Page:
نتایج جستجو برای recall

تعداد نتایج: 37506  

Journal: :Memory & cognition 2012
Jonathan F Miller, Christoph T Weidemann, Michael J Kahana,

Although much is known about the dynamics of memory search in the free recall task, relatively little is known about the factors related to recall termination. Reanalyzing individual trial data from 14 prior studies (1,079 participants in 28,015 trials) and defining termination as occurring when a final response is followed by a long nonresponse interval, we observed that termination probabilit...

Journal: :IEEE Computer 2008
Oliver Bimber,

T oday, human-computer interfaces (HCIs) are rather physical in nature. The communication of information from and to computers is limited to the capabilities of individual input and output devices. With a typing speed of less than 50 words per minute and a reading rate of less than 300 words per minute, my transmission rate to and from my laptop is far lower than the communication bandwidth of ...

Journal: :Current Biology 2008
Nigel Williams,

7,000 plant species for food but today around 20 species provide 90 per cent of the global human diet. Of the 7,100 varieties of apple recorded in America a century ago, 6,800 have now been lost. And there are worries, for example, that the maize staple in southern Africa may be under increasing challenge from climate change. Svalbard provides " the last line in the defence against the extincti...

2016
Eugen Tarnow,

I find that the total retrieval time in word free recall increases linearly with the total number of items recalled. Measured slopes, the time to retrieve an additional item, vary from 1.4-4.5 seconds per item depending upon presentation rate, subject age and whether there is a delay after list presentation or not. These times to retrieve an additional item obey a second linear relationship as ...

2004
Henry L. Roediger,

Subjects encoded homographs (e.g., iron) in one of two contexts, produced by preceding them with words from two different categories to which the item belonged (e.g., items that were metals or utensils). Later, subjects were tested either under free-recall conditions, or with one or the other of the category names that were either congruous or incongruous with the original encoding of the targe...

Journal: :Journal of experimental psychology. Learning, memory, and cognition 2016
Earl Y Popp, Michael J Serra,

Recent research suggests that human memory systems evolved to remember animate things better than inanimate things. In the present experiments, we examined whether these effects occur for both free recall and cued recall. In Experiment 1, we directly compared the effect of animacy on free recall and cued recall. Participants studied lists of objects and lists of animals for free-recall tests, a...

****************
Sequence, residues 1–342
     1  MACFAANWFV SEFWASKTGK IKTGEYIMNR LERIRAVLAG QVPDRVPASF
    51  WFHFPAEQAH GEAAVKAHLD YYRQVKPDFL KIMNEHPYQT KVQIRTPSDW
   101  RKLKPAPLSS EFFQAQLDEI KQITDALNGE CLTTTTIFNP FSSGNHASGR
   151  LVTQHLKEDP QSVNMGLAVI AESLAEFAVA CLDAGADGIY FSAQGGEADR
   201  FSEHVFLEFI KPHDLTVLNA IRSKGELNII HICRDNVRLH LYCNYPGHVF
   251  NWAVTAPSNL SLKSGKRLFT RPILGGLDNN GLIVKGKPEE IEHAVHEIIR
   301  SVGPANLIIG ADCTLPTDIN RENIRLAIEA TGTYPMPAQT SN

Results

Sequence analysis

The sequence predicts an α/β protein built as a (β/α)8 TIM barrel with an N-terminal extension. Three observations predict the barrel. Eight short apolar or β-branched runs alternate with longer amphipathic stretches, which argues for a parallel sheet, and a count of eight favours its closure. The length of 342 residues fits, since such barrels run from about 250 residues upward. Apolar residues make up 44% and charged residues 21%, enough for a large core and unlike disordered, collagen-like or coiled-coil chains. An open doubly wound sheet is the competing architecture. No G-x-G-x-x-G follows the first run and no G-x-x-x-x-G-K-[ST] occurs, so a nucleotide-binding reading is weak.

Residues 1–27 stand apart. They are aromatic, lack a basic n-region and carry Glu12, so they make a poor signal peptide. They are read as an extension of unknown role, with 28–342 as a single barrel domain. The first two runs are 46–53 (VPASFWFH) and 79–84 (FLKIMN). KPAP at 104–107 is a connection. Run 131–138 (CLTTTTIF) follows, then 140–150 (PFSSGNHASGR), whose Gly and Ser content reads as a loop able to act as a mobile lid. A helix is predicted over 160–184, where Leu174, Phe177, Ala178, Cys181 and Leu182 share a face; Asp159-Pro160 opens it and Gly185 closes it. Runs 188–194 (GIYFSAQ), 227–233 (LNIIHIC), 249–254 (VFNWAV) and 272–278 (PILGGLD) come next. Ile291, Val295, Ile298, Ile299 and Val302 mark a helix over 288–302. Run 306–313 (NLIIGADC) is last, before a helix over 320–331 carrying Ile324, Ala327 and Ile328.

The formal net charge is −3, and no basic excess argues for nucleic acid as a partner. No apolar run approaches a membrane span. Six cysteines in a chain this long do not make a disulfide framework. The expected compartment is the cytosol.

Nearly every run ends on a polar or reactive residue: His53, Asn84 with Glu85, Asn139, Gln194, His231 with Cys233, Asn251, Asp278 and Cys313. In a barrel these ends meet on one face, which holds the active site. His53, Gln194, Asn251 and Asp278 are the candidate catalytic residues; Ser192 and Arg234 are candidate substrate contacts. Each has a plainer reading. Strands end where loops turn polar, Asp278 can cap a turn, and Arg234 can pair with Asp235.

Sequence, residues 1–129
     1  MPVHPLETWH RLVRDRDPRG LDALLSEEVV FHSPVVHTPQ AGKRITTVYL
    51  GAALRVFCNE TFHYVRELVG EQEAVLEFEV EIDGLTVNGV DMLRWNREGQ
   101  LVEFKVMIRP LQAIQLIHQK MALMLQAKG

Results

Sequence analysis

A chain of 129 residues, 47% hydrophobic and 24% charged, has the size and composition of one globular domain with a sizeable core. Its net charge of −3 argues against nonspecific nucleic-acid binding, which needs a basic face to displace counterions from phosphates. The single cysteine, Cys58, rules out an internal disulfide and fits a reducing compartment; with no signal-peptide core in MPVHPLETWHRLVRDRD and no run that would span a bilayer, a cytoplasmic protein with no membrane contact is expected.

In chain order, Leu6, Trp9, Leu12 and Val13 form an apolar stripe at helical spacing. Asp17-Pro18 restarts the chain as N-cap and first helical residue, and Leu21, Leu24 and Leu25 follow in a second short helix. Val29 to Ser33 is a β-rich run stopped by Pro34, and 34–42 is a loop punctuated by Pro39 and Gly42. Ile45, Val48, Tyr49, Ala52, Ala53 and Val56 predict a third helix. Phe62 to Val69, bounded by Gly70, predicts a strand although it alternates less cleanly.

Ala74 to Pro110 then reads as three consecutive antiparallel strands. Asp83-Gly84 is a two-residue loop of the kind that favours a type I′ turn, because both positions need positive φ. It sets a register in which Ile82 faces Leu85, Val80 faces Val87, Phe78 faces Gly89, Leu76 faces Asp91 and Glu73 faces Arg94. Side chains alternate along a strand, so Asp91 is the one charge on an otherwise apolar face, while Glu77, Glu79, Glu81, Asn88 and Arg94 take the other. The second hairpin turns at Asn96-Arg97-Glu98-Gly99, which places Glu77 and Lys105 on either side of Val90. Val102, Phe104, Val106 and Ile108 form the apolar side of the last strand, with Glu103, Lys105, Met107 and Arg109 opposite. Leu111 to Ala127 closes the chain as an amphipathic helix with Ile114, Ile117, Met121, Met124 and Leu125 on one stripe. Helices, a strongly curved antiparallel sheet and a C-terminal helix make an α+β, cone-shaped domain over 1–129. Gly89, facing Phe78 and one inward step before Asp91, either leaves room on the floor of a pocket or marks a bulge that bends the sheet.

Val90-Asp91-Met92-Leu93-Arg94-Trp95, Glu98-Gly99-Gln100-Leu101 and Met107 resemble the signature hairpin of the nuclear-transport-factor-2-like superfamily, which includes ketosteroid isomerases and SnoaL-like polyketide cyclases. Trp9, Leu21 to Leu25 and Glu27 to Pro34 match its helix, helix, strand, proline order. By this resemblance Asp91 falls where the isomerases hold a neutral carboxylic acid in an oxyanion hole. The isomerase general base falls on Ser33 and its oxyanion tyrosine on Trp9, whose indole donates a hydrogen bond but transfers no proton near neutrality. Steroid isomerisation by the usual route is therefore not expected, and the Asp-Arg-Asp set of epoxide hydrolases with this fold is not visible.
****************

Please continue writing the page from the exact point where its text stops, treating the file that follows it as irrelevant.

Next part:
Journal: :ERCIM News 2012
Jaldert O. Rombouts, Pieter R. Roelfsema, Sander M. Bohte,

From the infinite set of routes that you could drive to work, you have probably found a way that gets you there in a reasonable time, dealing with traffic conditions and running minimal risks. Humans are very good at learning such efficient sequences based on very little feedback, but it is unclear how the brain learns to solve such tasks. At CWI, in collaboration with the Netherlands Institute...

Journal: :The Yale Journal of Biology and Medicine 1973
E. S. Godfrey,

The following year (1952), after Emerson had presented his account, Dr. God-frey's story of the beginnings of the AES were set forth before the Society. It was quite different, almost, in fact-a rebuttal. Even in the early 1920s, as an active health official, Godfrey had begun a crusade to convince public health workers around the country of the value of accurate, quantitative reporting of dise...

Journal: :Science 1973
R M Shiffrin,

Lists of complex pictures, not easily encoded verbally, were presented to subjects who recalled them by writing brief descriptions. The lists were 10, 20, and 40 pictures in length. Recall failed to show the primacy and recency effects seen with verbal materials, but was lower for pictures in longer lists. This argues for serial-position effects based in short-term memory and independent list-l...

2010
Michael J. Kahana, Jonathan F. Miller,

How do we search our memories to recall information that occurred in a given temporal context? In the laboratory, this basic question concerning human memory is addressed by asking people to study a sequence of individually presented items (typically words) and then to try to recall all of the items they can remember in any order. This task, first introduced by E.A. Kirkpatrick in 1894, is term...

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